I know you had a lot of other ideas for games, but the more successful you are, the more game ideas you’ll have coming from the teachers themselves. As long as you’re clear about inclusion and invention, all your goals should be met.
I like to end with a closing game like Clap You or Applausez-Nous
Correspondent: In the game session I also included a section on sportsmanship. I felt it necessary since the teachers here seem to venerate competition above sportsmanship, how do you go about teaching this?
Me: I ask participants to describe how the games we played differed from most games. They should note that losers simply join the winning team, so that no one gets excluded as a result of his or her performance. I also note the leadership style that i use that emphasizes fun above all. My real focus is that kids are having fun together. Sportsmanship only becomes a need or issue when there are negative consequences for having “lost.” in these games, people lose, but they get to keep playing. By changing sides they also experience the emphasis on the fun of playing rather than on winning or losing.
I strongly recommend that you find maybe 6 people and run the whole session yourself at least once before you actually do it with the teachers. This way you can get a sense of the timing and the points you need to make.
I also noticed that you did not ask anyone to teach you any of the games they play. I also strongly recommend that you do that in place of teaching them steal the bacon. As for steal the Bacon, i usually don’t play the game because it’s so strongly controlled by the leader – who is almost always the teacher. Which reminds me of another recommendation, share your leadership as soon as you can. Like when you play panther person porcupine, let someone else be the one that starts each round. Same with rock paper scissors tag. And you join the game then. That way you can sense the experience from inside, and also strengthen your bonds with the people you’re teaching.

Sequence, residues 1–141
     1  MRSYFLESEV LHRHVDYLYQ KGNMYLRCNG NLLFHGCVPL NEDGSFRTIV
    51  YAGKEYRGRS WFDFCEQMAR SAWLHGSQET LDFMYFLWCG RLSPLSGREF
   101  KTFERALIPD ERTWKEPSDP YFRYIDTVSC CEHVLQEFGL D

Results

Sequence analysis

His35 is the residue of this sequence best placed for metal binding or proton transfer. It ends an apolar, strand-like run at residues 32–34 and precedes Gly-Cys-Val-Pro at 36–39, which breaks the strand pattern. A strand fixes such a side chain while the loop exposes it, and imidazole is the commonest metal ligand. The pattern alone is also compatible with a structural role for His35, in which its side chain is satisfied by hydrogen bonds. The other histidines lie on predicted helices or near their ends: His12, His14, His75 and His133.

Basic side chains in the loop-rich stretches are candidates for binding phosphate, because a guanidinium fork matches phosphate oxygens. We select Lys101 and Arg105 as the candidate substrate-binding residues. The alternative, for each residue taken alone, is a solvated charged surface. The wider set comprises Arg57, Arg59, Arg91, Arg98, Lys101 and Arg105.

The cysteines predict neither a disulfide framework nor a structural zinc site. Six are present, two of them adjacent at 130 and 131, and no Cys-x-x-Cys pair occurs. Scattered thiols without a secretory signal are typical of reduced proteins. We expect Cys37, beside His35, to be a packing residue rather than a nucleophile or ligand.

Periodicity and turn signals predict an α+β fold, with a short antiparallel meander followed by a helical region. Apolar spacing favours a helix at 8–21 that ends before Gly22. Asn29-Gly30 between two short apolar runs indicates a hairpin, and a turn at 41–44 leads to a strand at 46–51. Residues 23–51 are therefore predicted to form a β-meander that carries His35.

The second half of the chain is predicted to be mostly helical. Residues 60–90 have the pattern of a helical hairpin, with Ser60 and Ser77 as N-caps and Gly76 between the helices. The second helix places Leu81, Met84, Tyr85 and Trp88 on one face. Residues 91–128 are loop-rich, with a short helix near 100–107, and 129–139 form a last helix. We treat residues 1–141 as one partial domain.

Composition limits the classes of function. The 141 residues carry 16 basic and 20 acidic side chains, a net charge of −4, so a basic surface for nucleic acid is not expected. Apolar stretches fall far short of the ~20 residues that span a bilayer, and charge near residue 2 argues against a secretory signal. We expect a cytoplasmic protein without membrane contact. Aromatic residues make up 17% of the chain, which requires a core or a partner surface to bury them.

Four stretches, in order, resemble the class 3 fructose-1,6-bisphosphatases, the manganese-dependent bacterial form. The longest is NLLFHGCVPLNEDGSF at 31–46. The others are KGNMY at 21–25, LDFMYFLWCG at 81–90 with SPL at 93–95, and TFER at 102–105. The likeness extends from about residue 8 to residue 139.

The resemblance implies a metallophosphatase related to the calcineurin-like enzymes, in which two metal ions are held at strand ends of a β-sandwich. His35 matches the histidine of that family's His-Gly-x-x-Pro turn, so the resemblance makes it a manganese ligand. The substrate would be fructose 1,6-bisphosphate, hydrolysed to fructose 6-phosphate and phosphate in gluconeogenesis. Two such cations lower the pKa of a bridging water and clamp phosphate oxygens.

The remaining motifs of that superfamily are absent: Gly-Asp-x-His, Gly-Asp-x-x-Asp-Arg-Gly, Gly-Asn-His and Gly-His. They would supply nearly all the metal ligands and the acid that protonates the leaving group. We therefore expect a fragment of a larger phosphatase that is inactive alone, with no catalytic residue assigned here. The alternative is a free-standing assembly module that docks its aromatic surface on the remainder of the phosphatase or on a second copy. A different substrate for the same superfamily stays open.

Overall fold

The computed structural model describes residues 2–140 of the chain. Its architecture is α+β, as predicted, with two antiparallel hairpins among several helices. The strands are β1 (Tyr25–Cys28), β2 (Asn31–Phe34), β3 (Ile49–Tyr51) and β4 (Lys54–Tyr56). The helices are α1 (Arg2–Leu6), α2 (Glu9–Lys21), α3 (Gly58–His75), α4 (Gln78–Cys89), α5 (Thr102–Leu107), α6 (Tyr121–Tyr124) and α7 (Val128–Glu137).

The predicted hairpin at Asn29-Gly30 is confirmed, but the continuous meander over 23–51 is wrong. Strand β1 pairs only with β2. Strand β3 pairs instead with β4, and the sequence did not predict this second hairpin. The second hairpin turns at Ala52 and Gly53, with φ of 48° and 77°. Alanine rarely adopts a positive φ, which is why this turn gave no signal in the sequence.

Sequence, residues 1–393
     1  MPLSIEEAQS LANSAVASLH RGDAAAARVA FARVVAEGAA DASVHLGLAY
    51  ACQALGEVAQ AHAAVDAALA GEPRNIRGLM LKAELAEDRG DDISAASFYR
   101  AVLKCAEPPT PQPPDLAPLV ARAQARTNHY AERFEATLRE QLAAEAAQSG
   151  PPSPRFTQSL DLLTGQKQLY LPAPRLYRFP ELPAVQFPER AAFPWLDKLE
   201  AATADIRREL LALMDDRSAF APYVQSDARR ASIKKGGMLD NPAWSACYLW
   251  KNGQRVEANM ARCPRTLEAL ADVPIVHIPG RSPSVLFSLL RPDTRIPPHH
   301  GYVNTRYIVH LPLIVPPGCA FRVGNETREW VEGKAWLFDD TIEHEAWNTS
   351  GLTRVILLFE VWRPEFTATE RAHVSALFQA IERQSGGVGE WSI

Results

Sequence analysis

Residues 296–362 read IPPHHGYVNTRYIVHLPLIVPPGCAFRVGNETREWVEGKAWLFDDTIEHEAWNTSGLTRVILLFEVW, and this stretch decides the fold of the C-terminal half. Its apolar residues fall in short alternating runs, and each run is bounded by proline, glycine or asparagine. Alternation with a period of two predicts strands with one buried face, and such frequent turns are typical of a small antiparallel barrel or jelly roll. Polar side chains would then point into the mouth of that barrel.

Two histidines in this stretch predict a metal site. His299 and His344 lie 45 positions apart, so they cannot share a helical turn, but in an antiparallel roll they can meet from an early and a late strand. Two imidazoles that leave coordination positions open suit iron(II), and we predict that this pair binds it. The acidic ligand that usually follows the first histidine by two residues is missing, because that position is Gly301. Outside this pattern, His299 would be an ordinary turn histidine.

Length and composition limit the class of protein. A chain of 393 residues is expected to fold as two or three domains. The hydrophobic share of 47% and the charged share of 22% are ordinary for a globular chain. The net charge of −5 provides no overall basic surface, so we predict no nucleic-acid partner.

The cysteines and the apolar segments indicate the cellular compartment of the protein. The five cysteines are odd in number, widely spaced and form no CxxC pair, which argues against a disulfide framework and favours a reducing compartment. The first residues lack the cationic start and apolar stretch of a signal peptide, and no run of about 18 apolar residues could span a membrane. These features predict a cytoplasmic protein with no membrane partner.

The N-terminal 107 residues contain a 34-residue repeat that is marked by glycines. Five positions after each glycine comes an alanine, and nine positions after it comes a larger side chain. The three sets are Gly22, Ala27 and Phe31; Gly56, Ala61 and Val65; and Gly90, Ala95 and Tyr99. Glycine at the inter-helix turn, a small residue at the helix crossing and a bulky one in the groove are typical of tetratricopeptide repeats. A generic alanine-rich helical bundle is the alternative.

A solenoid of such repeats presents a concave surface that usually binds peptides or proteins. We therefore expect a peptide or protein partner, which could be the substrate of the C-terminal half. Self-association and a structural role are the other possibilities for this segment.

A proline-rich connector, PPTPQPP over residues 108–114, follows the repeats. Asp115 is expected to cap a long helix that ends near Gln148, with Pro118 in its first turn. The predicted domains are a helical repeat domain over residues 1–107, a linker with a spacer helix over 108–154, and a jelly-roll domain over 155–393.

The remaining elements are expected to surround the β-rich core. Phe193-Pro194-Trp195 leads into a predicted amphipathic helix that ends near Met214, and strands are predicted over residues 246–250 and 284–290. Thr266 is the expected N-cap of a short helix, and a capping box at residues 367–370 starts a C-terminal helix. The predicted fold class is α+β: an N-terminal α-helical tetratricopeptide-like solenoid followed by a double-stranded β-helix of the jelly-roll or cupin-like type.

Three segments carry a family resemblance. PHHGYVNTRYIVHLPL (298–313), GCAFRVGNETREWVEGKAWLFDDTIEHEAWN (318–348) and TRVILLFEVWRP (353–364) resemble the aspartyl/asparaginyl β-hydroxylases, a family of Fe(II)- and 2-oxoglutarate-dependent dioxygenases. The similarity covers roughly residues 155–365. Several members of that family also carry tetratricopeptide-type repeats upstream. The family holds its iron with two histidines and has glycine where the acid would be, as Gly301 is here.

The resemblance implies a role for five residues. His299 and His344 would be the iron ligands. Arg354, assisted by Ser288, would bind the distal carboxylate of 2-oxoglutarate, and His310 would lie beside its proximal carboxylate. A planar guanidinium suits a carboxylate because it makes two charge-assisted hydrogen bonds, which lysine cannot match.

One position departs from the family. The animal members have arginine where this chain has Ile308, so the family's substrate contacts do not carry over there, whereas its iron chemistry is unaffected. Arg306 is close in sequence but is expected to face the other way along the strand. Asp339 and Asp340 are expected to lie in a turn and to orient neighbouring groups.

People to People is a great game! You might want to let it run longer so that more people get to be the leader and the leader gets to play more. Did you ever try to play it with three people instead of two?
Generally, I think it’s a better pedagogic strategy to get people to tell you what they learned rather than for you to tell them what you hope you taught them.
If you really want to play Steal the Bacon, instead of giving the winning team a point, why don’t you just have the losing player join the winning team. This way you can keep to the theme, and if people comment, you can explain that this is an approach they can use with all games – actually, there are two strategies, one is to play with three teams instead of two, the other to exchange players between teams. The idea being that we set up the conditions for what we call “poor sportsmanship” by the way we as leaders emphasize competition over fun.
If you have any didactic materials, post them somewhere that people can read them if they want. If you can take notes of what the teachers say, add those comments. But you really want the teachers to be the source of information rather than you as experts. It will strengthen the bond between you and the teachers and it will give them the experience of their own expertise.